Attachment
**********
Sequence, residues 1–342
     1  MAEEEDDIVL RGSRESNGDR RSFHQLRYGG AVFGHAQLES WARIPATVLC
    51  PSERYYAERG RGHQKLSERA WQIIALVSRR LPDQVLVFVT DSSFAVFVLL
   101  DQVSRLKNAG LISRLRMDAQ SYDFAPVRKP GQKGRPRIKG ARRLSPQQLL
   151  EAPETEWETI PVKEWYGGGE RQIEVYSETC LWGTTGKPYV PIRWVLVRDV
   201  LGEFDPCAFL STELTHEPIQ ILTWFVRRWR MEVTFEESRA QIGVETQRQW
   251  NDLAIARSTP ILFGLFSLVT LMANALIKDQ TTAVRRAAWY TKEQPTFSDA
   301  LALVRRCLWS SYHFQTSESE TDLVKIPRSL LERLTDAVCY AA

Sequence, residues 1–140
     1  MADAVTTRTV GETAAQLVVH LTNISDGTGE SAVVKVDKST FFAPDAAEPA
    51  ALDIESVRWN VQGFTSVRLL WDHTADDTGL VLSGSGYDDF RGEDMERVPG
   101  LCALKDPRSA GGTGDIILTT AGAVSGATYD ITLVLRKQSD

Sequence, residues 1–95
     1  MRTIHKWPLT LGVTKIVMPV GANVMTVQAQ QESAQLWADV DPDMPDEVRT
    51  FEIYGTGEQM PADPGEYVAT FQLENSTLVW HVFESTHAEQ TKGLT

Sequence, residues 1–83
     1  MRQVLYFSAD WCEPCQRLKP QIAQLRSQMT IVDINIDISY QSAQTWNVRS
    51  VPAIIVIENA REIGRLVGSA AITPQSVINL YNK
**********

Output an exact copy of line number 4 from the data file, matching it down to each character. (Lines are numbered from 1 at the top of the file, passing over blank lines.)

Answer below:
   101  DQVSRLKNAG LISRLRMDAQ SYDFAPVRKP GQKGRPRIKG ARRLSPQQLL